By Rachel Weneck
On November 19th members of the CALC staff attended the “Carbon Pricing” panel discussion held at Babson College. The event was sponsored by the Wellesley Women League of Voters in order to educate the public about what a carbon tax would do for Massachusetts.
The event was moderated by Steve Curwood from NPR’s “Living on Earth.” Guest panelists included Joseph Aldy (Assistant Professor of Public Policy, Harvard Kennedy School), John Reily (Center for Environmentsl Policy Research, MIT Sloan School of Management), Gary Rucinski (New England Coordinator of the Citizens Climate Lobby), Theda Skocopol (Professor of Government and Society, Harvard University) and Fritz Fleuschmann (Willism R. Dil Governance Chair, Babson College).
In the lobby outside the auditorium a couple of companies and organizations had their own booths and we’re talking with event-goers. Some booths included the Women League of Voters, Next Step Living, and, for their debut booth and poster, the Climate Action Liaison Coalition.
The small theater was quickly filled with people at 7pm. Latecomers were pointed to the balcony which the college had to open due to the unexpected amount of visitors. The event started off quickly with an introduction by Jessica Langerman. Then the panelists dive right into the topic.
The overall theme of the discussion was that no matter what we do the earth will be fine, but humans won’t be. The discussion started with how a carbon tax will tax things we don’t want as opposed to a tax on things we do like. The fear of poorer communities having a price on carbon was brought up. The carbon tax in British Columbia was used as an example of how the money collected in a tax can be given back to businesses and residents.
Much discussion was given on how to include citizens and get policies changed. Aldy suggested that for our state we have a modest initial tax on gas and oil that would increase over the course of 4-5 years. Such as starting at $5 a ton and then increasing it $10 each year. A gentle approach would not hurt the economy and a gradual change would help shift jobs from coal to renewable energy. Skocol suggested that the carbon tax could also help transition coal workers into other fields.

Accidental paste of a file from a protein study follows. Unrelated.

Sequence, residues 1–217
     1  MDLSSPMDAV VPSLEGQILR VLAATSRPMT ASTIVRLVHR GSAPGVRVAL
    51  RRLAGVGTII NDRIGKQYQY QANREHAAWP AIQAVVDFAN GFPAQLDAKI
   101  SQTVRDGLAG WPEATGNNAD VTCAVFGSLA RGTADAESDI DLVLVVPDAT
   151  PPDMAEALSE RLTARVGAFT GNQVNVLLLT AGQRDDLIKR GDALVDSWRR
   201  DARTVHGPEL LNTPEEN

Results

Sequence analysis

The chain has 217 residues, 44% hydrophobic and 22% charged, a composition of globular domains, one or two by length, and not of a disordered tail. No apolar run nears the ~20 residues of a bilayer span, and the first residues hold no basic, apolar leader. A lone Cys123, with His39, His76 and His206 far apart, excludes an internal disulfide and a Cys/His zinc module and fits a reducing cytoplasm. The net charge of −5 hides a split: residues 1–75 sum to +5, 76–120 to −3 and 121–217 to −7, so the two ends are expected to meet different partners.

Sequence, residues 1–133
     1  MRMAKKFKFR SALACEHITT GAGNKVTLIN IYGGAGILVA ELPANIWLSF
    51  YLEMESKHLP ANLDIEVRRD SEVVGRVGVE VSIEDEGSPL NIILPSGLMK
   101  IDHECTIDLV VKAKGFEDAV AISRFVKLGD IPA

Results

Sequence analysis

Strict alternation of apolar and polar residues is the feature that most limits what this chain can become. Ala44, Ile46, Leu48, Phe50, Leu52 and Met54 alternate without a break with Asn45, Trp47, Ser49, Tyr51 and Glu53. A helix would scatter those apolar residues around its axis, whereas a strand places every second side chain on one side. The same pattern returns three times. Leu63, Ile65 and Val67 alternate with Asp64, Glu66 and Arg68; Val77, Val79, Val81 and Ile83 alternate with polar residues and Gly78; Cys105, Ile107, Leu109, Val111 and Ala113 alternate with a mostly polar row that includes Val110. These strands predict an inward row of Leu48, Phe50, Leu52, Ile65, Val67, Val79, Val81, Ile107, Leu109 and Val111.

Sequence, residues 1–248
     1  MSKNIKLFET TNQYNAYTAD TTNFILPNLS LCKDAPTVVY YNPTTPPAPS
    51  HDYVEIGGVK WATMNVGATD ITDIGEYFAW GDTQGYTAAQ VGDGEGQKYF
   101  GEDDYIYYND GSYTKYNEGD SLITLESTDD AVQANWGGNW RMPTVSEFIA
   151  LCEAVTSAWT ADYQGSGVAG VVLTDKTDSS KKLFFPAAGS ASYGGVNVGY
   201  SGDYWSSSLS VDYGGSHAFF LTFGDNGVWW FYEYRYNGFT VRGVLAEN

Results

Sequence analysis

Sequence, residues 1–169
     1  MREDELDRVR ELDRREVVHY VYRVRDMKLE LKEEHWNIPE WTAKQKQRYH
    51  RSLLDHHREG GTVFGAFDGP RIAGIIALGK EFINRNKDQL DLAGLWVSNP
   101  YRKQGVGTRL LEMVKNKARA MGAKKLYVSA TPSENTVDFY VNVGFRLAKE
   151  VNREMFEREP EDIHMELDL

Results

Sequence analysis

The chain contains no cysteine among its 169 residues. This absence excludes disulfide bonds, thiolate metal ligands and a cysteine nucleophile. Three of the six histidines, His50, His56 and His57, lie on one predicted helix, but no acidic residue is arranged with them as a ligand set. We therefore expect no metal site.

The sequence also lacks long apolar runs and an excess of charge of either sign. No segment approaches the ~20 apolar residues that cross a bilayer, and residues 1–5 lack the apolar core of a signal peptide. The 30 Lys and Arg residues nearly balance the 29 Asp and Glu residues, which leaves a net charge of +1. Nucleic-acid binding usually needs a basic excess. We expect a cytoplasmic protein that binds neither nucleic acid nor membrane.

The panelists also emphasized that the public needs to understand what a carbon tax would do for the economy in simple terms. Americans are distrustful of complicated, opaque policies. If it can be made visible to the public the more accepted it will become. But that wasn’t to say that the public is not aware of climate change. As Aldy pointed out “cities such as Miami and Tampa know that the sea level is rising” and they are actively trying to prepare it. Further inland places such as North Dakota are seeing farmers plant corn, which historically speaking had never been possible.
The panelists went on to say that the fossil fuel industries know that something is coming and the coal industry knows that they are in trouble. But luckily for them they have the resources, chemists, physicists, and money to start divesting.
The biggest setbacks the panelists noticed were all in the political sphere. Theda ssid that in 2008 both McCain and Obama has the same ideas for a cap and trade system. In 2009 it was passed unanimously in the House of Representatives, but had died in the Senate. This brought the discussion to the fact that states and regions can act when Congress cannot. A reason was stated by Skocol that many people did not understand what a cap and trade system was. A greater educational grassroots movement would make people more comfortable with the carbon tax.
Massachusetts is in a unique position where it has the ability to bring in innovation to solve its energy problems. The carbon tax in Massachusetts might cause “leakage” of some industries and businesses to other states, but other industries would fill in their places.
The panelists received a loud round of applause from the crowd. Closing remarks were made and the panelists were thanked and given small gifts of appreciation. Afterwards a raffle was held for a test rides of the five electric Tesla cars that were showcased outside the building. Many people leaving the event were visible excited at the prospect of change in Massachusetts. And if more events such as these happened across the state a change might come sooner than expected.